With the real estate crash in full force I continued to put money into my 401K, which was being pounded by the stock market crash, and save for my next real estate purchase. With real estate prices down nearly 50% in the Denver area (depending on which part of town you were looking at), I was excited to find another property to buy. After not really enjoying the fix-and-flip of property #3, I was back to looking for a long term hold for property #4. I wanted cash flow and the best cash flow properties are multi-family properties. I was looking for a duplex, triplex, or 4-plex for my next purchase. In the fall of 2010 I found a triplex that was being listed as a short sale. I put my offer in sight unseen because I knew good deals were being snapped up in a day or two. The bank picked my offer. I had to borrow from my 401K for half of the down payment, but Sometimes Its Smart To Borrow From Your 401K. A short six months later, I was the proud owner of a triplex!

I bought Property #5 just a year later during the early stages of the real estate recovery. I was tapped out on cash, but found a HUD property that I could purchase with just $100 down payment if I moved into it for at least a year.


Putting It All Together

In the Property Values chart above, you can see that the real estate market in Denver has recovered. Although many of my properties had negative equity during the real estate crash, the value of each of my properties is now greater than when I purchased them. Some have significant equity.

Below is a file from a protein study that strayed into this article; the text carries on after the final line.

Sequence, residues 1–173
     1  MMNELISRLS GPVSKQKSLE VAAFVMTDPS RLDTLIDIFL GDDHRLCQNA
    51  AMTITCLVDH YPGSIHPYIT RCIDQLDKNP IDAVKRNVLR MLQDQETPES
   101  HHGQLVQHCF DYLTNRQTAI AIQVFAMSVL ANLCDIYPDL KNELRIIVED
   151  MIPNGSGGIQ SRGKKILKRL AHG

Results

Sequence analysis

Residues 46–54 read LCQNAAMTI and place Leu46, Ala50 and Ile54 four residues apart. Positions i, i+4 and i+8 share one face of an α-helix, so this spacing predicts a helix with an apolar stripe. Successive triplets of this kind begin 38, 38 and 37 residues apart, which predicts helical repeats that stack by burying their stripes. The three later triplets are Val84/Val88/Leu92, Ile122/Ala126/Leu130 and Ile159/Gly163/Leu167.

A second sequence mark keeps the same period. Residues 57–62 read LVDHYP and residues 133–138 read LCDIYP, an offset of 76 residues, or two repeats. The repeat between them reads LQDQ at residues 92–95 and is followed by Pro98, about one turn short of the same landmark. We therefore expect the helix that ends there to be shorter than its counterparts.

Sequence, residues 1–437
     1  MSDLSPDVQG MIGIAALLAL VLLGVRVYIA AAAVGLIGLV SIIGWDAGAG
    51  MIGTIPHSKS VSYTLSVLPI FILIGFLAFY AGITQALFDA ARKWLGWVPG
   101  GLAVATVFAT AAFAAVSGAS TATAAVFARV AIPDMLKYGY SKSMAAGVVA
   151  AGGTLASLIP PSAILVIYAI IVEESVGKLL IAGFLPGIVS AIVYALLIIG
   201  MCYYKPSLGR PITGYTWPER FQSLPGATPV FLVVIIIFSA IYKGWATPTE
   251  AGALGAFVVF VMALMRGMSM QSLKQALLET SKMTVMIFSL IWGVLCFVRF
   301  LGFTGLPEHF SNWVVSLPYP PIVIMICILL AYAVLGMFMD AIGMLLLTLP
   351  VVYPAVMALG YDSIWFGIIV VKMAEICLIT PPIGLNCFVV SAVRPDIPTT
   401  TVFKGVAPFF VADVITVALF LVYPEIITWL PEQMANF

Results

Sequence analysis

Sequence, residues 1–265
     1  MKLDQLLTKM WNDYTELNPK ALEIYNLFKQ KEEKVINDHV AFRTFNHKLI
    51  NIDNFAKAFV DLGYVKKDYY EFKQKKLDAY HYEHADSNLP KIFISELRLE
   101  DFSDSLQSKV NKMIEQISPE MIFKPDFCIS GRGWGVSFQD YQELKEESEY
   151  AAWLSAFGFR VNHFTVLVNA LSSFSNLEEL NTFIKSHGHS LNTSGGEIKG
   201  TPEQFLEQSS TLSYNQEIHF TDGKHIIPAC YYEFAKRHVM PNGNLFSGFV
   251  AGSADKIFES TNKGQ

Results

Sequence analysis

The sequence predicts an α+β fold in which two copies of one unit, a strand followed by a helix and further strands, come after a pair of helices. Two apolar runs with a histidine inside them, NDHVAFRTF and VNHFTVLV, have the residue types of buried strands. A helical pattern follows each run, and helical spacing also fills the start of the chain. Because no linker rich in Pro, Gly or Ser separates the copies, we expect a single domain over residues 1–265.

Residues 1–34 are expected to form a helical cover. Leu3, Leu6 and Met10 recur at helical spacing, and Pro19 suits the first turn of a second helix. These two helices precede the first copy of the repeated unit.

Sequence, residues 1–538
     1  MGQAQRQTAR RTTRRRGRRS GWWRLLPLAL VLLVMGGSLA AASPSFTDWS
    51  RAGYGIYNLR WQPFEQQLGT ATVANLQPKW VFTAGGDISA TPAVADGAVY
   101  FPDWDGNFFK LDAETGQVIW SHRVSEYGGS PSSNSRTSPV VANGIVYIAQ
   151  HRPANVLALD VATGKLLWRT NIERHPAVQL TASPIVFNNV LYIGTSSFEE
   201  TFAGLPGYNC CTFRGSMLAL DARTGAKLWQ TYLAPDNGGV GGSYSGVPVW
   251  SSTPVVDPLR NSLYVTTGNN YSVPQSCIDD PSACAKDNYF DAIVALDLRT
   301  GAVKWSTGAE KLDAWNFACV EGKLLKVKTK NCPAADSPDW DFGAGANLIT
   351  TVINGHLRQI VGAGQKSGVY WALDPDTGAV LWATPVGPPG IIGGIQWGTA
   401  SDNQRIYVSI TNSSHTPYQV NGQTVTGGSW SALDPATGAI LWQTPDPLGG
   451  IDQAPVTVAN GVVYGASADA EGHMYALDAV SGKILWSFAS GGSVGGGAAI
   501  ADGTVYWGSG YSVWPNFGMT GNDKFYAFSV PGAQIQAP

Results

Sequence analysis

The chart below shows how much equity. I’ve combined the equity of all properties into a single Property Equity line and compared that with the value of all my stock investments over the past 17 years.

Stocks vs Real Estate

Stocks were winning for the first 11 years of my investing career but I maintained faith that I would eventually come out on top with real estate. The two combined have made me a millionaire!

How You Can Become A Millionaire Too

You can invest in real estate too! If you do it like I did, you won’t become a millionaire over night. Heck, it took me 17 years! But with steady purchases over time, I’m a firm believer that you will eventually get there.

You may be thinking that now is not the best time to buy real estate, considering we’re 5 years into a rather strong market recovery. If you have a long term horizon, say 30 years, its not going to matter a whole lot as to when you make your real estate purchases. If you buy them steadily throughout your life, and if you buy them in a way where they are at least self sustainable from a cash flow perspective, you can hold onto them forever. Make sure you educate yourself on your local market and on real estate investing in general.

From the Case-Schiller National Home Price Index chart at the top of this article, you can see that a steady price increase in real estate is the norm. From the example of my own real estate purchases, even if you buy them at the exact wrong time (Property #3) right before a crash, if you hold onto them for long enough, they will recover. Property #3 is now worth nearly twice what I originally paid for it. Don’t try to precisely time the market. Steadily buy throughout your life and you will become a millionaire.